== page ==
A FEW months back I was tramping across the north Pennines when I came across a delightful little valley I never knew existed.
Smardale, few miles west of Kirkby Stephen, is a miniature jewel of a valley that has been turned into a nature reserve managed by the Cumbria Wildlife Trust.
It is a truly magical spot, and most spectacular of all is the disused Smardale Gill railway viaduct that strides 550ft across Scandal Beck on 14 glorious, 90ft high stone arches. It is a smaller, less well known and, dare I say, prettier version of the famous Ribblehead Viaduct a few miles to the south.
I was intrigued. Here were the remnants of a trans-Pennine rail route I had never heard of. Who built it and why?
The answer to that question just about sums up the intrepid and entrepreneurial qualities of our Victorian ancestors who tackled engineering problems with such confidence and brio that they made Britain the most successful country on the planet.
In the 1850s the manufacturers of Barrow-in-Furness on the West coast were in need of a plentiful supply of comparatively cheap, good quality coal to feed their iron and steel furnaces.
On the opposite side of the country the coalfields of County Durham close to the East Coast produced exactly that. The trouble was what lay between the two – the daunting and incredibly difficult terrain of high moors and steep valleys of the Yorkshire Dales and North Pennines.
But in an astonishingly short time a railway was planned and built. When the engineers encountered those steep valleys they simply built a viaduct to carry the rails, as at Smardale Gill where the viaduct was constructed at a cost of £11,928 – the equivalent of about £1.4m in today’s money.
In 1861 the South Durham and Lancashire Union Railway opened for business and the line enjoyed more than 100 years of prodctive life until it was closed in 1962.
Listening to Prime Minster Boris Johnson finally giving the green light to the HS2 high-speed rail project this week, I couldn’t help contrasting the can-do attitude of our Victorian forefathers with the timidity, dithering and delay of current planners.
HS2 was first mooted by the last Labour government back in 2009 and, since then, we have spent 11 years in planning at a cost of more than £4bn – without a single mile of track being laid.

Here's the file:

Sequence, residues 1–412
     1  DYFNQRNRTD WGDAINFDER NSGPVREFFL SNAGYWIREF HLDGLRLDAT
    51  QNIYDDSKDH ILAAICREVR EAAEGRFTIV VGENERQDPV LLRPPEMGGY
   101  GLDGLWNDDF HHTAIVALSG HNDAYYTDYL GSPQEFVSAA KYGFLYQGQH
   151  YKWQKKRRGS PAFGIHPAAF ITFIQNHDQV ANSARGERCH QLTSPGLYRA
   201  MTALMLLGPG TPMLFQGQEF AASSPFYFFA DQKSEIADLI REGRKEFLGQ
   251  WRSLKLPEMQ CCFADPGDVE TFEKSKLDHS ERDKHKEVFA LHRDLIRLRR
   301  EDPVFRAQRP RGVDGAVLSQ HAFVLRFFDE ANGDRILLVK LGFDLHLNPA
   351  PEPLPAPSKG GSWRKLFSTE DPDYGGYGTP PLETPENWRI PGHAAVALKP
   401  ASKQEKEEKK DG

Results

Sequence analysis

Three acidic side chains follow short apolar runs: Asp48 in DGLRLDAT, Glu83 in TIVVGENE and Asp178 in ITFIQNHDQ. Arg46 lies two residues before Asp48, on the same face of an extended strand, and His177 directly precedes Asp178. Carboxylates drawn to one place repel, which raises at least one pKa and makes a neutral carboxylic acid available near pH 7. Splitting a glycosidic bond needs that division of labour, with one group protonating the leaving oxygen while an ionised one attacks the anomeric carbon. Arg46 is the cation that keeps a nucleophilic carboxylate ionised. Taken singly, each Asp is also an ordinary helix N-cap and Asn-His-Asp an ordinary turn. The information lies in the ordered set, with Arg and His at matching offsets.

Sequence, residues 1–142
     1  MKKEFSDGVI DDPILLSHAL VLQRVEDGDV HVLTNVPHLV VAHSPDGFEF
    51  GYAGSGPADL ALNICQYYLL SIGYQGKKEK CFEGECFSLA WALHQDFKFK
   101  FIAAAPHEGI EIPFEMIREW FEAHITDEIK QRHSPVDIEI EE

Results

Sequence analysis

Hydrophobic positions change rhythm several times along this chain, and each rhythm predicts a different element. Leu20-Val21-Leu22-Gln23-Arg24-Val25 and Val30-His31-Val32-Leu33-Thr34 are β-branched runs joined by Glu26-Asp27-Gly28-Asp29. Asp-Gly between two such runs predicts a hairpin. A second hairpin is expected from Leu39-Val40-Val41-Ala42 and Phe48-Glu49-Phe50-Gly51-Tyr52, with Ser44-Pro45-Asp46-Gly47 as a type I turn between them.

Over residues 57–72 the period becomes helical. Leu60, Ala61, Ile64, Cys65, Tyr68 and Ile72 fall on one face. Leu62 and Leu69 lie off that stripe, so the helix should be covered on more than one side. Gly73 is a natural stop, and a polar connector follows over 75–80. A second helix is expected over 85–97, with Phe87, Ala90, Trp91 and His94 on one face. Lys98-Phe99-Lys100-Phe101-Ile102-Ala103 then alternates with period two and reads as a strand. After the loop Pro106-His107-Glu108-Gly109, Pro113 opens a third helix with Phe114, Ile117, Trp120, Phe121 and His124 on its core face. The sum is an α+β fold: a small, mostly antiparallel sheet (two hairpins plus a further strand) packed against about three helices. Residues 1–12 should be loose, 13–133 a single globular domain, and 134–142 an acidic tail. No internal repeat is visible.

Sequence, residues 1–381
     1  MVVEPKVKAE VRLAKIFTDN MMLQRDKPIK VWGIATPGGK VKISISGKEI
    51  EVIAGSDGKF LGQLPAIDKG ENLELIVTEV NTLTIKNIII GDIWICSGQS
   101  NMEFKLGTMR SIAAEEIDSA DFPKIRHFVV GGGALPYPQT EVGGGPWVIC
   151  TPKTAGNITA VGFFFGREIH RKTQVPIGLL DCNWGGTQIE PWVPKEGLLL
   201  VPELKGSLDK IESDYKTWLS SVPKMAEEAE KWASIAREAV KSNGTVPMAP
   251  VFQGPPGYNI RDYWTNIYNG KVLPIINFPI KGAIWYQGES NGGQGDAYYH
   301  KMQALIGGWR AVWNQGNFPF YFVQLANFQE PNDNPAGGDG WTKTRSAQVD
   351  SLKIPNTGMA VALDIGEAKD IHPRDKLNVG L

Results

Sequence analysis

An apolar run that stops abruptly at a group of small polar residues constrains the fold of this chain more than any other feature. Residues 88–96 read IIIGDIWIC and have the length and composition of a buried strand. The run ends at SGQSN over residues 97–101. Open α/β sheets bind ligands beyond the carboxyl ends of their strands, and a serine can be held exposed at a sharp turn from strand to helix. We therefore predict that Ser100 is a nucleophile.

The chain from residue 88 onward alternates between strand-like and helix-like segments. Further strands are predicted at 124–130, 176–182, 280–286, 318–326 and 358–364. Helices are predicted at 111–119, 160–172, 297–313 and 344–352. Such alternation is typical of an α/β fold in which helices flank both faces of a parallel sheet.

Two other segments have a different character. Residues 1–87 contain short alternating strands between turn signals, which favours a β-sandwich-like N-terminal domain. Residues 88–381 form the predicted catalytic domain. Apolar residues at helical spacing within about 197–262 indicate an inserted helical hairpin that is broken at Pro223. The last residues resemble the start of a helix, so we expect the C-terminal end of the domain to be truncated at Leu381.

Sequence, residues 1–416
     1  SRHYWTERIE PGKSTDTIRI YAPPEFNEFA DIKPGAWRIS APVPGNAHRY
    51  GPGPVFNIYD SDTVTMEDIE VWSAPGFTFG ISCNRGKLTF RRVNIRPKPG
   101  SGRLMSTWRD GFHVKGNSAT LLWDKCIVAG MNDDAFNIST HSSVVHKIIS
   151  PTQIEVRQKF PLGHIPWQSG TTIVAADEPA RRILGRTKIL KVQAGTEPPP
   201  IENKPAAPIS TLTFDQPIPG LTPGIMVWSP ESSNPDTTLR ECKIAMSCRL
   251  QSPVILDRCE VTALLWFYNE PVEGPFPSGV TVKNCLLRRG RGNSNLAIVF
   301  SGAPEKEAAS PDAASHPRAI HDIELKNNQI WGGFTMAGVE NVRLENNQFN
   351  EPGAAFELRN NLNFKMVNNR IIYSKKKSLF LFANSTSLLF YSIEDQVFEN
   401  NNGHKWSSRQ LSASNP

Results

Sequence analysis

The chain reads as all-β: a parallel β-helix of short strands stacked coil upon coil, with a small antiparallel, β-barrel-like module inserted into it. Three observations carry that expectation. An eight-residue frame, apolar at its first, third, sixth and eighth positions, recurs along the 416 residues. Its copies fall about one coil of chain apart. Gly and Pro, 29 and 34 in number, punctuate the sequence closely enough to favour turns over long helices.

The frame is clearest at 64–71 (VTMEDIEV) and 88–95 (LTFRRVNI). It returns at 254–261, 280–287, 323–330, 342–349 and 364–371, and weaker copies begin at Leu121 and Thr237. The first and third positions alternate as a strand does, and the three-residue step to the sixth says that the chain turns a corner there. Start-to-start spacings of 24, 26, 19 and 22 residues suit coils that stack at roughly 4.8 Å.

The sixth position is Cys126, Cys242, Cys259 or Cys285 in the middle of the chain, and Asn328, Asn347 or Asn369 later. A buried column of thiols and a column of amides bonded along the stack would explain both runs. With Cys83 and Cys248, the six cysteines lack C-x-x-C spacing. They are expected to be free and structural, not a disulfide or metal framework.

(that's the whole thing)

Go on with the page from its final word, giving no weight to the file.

Even after the scheme has been given the final go-ahead this week, it could be 2040 before the first HS2 services operate in Yorkshire.
The initial idea was for a Y-shaped network of more than 330 miles of track linking London to Birmingham, and then in a second phase up to Manchester and Leeds.
The project promised a £15bn boost to the economy and a narrowing of the productivity gap that exists between north and south. Up to 18 trains an hour, each carrying up to 1,000 passengers, would travel at speeds of 250mph.
But there have been doubts from the beginning that have only increased as the cost of the project ballooned from an initial £32bn to something north of £100bn today.
But we in the North have a more fundamental problem with HS2 – the whole concept was devised back to front.
What the North’s creaking rail system needs is investment now – not in 2040. Yet the HS3 project, otherwise known as Northern Powerhouse Rail, a new high-speed rail line linking Liverpool, Manchester, Leeds, Sheffield, Hull and Newcastle, was tacked on almost as if it was a bit of an afterthought.
What is clear is that Northern Powerhouse Rail should have been built first to boost the economies of the great cities of Yorkshire, Lancashire and the North East – and once that had been completed consideration given to improved links to London.
In his statement to the Commons, Johnson insisted the two schemes were not “an either/or proposition” and added: “Both are needed and both will be built – as quickly and as cost-effectively as possible.”
Let’s hope so, and I am sure The Yorkshire Post will be vigilant in making sure the Prime Minister keeps that promise.
But I can’t help thinking that if the Victorians had been in charge the whole thing would have been built by now.